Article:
An­cient source of re­gres­sion

The Weekend Australian - Review - - Books - Bee­jay Sil­cox Justine Hyde

In rig­or­ous de­tail, Zucker­berg shows how Red Pill fo­rums have cher­ryp­icked from Stoic philoso­phers to pro­mul­gate the view that men have su­pe­rior emo­tional con­trol.

Their ap­proach con­ve­niently di­min­ishes women, dis­misses pro­gres­sive ac­tivism as psy­cho­log­i­cal weak­ness, and val­orises white pa­tri­archy. It also ig­nores an enor­mous pachy­derm: “Few out­side the com­mu­nity agree that these men are rea­son­able, calm, emo­tion­ally con­trolled in­di­vid­u­als.”

More con­fronting is the cul­ture of pick-up artists: men who are ‘‘gam­i­fy­ing’’ (and com­mer­cial­is­ing) se­duc­tion by con­cep­tu­al­is­ing women as flesh locks that can be prised open with a tool­kit of be­havioural scripts. PUAs find an an­cient ally in Ovid, whose ironic yet dis­con- con­fus­ing, tak­ing the jokes at face value. Freiman is court­ing the reader who is likely to shud­der with recog­ni­tion at Ziggy’s well-in­ten­tioned but mis­fired pol­i­tics and shift un­com­fort­ably as they laugh at the hu­mour in the novel, which is ul­ti­mately at their ex­pense. It is re­fresh­ing to read smart satire from an Aus­tralian au­thor. Freiman joins writ­ers such as Ryan O’Neill and Julie Koh, us­ing irony and ex­ag­ger­a­tion as sav­agely ef­fec­tive sto­ry­telling de­vices.

For all of its sear­ing satire, the novel cap­tures the re­lat­able awk­ward­ness of be­ing a teenager. This alien­ation is time­less; how­ever, Freiman frames it in the spe­cific ex­pe­ri­ence of grow­ing up in the shiny-con­fus­ing world cu­rated via In­sta­gram. Her pro­tag­o­nist re­flects: “In­sta­gram seems specif­i­cally de­signed for a crisp, WASP aes­thetic. Ziggy can’t imagine what she could share. The way a ra­di­ant sun­set catches the down on her side-face? An af­ter-school snack of white­fish salad?”

She gar­ners our em­pa­thy through her earnest­ness and sin­cer­ity. And while Ziggy is the tar­get of many of the jokes in the novel, Freiman treats her pro­tag­o­nist gen­tly. She sur­rounds Ziggy with mostly two-di­men­sional char­ac­ters, who be­lieve a pussy-grab­bing US pres­i­dent is on their side.

“It would be an ex­ag­ger­a­tion to say that the men of the Red Pill com­mu­nity are writ­ing na­tional pol­icy,” Zucker­berg ex­plains. “How­ever, on some level, they seem to be­lieve they’re in­flu­enc­ing pol­icy, and that be­lief has em­pow­ered them.” Be­fore the 2016 elec­tion, Red Pill fo­rums boasted 138,000 mem­bers; that fig­ure has in­creased to 230,000.

Not All Dead White Men is an un­easy chimera — part aca­demic anal­y­sis, part ur­gent cul­tural com­men­tary, part call to arms — and haunted by ques­tions of pur­pose.

Zucker­berg paints a vi­tal and vivid por­trait of “ag­grieved en­ti­tle­ment” that is si­mul­ta­ne­ously pitiable and ter­ri­fy­ing. She has a nu­anced un­der­stand­ing of the ho­moso­cial dy­nam­ics of Red Pill com­mu­ni­ties: how the de­sire for self­im­prove­ment, val­i­da­tion and con­nec­tion lurks un­der­neath the bravado and ha­tred.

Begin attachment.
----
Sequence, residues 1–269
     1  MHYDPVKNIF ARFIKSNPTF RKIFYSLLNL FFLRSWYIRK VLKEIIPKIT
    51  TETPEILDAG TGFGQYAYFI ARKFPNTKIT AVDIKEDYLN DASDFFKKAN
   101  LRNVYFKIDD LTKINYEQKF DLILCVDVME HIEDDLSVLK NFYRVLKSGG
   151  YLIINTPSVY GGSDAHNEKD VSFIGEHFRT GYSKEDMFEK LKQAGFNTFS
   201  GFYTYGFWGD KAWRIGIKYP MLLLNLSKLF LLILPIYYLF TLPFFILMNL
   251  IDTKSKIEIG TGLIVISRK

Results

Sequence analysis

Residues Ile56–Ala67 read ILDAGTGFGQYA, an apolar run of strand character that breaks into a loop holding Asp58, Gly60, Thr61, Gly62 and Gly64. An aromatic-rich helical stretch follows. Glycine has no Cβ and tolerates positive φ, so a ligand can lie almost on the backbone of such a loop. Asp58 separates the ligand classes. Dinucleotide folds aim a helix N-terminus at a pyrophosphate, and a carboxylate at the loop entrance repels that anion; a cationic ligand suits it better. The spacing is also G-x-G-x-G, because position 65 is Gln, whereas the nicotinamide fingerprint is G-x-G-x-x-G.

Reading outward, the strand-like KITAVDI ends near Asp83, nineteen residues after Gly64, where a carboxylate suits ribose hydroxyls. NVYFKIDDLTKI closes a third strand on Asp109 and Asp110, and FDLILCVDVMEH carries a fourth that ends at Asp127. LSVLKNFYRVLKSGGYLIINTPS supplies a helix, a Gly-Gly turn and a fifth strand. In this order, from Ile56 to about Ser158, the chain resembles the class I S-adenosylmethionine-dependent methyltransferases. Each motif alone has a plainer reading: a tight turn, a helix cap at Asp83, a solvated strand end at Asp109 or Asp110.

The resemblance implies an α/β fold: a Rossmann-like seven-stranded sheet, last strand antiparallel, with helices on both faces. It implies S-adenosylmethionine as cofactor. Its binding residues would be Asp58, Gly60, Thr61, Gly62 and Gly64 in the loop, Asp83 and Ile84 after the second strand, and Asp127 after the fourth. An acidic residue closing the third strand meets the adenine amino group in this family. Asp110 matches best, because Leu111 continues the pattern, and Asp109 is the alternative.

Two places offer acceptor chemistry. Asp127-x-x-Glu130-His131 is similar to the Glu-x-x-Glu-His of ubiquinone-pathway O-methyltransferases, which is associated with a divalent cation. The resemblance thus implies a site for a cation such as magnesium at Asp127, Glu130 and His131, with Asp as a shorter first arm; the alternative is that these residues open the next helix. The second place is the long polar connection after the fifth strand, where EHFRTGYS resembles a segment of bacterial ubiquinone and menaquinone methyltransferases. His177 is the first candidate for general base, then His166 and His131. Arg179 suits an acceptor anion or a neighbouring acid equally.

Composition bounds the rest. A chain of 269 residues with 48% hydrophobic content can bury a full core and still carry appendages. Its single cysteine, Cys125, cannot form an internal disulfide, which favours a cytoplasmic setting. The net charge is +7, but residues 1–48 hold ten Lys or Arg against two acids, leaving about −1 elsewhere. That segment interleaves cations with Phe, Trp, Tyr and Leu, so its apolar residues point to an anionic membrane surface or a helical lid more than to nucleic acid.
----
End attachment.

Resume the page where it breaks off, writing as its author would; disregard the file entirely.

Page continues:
But while she ar­gues that un­der­stand­ing Red Pill ide­olo­gies can help re­duce the im­pact of their abuse, how is un­clear.

It is not pos­si­ble to ra­tio­nally ar­gue with a com­mu­nity that be­lieves half of hu­mankind is an ir­ra­tional col­lec­tion of ori­fices. And as Zucker­berg ad­mits, “nit­pick­ing the flaws and er­rors in Red Pill read­ings … is a fairly point­less project”. But what else can you do as you watch your dis­ci­pline hi­jacked?

Such are the dilem­mas that tor­ment our out­raged age. How can we de-ven­omise pub­lic dis­course? How can we counter ha­tred with­out fan­ning its flames?

“No­body de­nies that our so­ci­ety owes a debt to the Greeks,” Zucker­berg writes. “The ques­tion is how that debt should be treated.”

She ar­gues that we should be pro­foundly wary of those who claim to be the gate­keep­ers of Western val­ues, but also re­sist the far-left coun­ter­move­ment to re­move such texts from study, a move that tac­itly cedes the point that clas­si­cal texts speak only to (and for) those who ad­vo­cate for ex­clu­sion.

“Fu­ture read­ers de­serve a bet­ter kind of dis­course about the an­cient world,” she writes, “one that is free of elitism and nei­ther un­crit­i­cally ad­mir­ing not rashly dis­mis­sive.”

Af­ter decades of wil­ful ne­glect, Not All Dead White Men speaks most force­fully to the need for ro­bust hu­man­i­ties pro­grams. Our an­cient philoso­phers may be cen­turies dead, but their de­bates are live. And bloody. is a writer and critic. who blaze with su­per­fi­cial­ity and who high­light the di­men­sions that Ziggy is at­tempt­ing to de­fine in her­self. Through ir­rev­er­ence, Freiman dis­sects the sa­cred cow of left­ist ide­olo­gies. She raises in­ter­est­ing ques­tions about the pre­req­ui­sites for claim­ing an iden­tity, and does this through the con­fla­tion of hu­mour and per­sonal pain. It is a kind of comedic coun­ter­point to Han­nah Gadsby’s re­cent show Nanette. In an in­ter­view with The Paris Re­view, Freiman says: “Hu­mour helps us to see the ab­sur­dity and to take our­selves less se­ri­ously. In that way, my project might be sort of obliquely op­posed to Gadsby’s. But where she op­poses the one-two punch of the joke and reveres the arc and depth of the story, I think we are aligned.”

The pace of Inap­pro­pri­a­tion shifts gear to­wards the end. Freiman takes her foot off the ac­cel­er­a­tor, smooth­ing the sharp edges off her hu­mour, to steer the nar­ra­tive to an emo­tion­ally sat­is­fy­ing res­o­lu­tion.

While this feels a lit­tle like a trade-off, it un­der­lines the es­sen­tial mes­sage of Freiman’s novel: we all must be wary of ab­so­lutes. is a writer and critic.

Donna Zucker­berg

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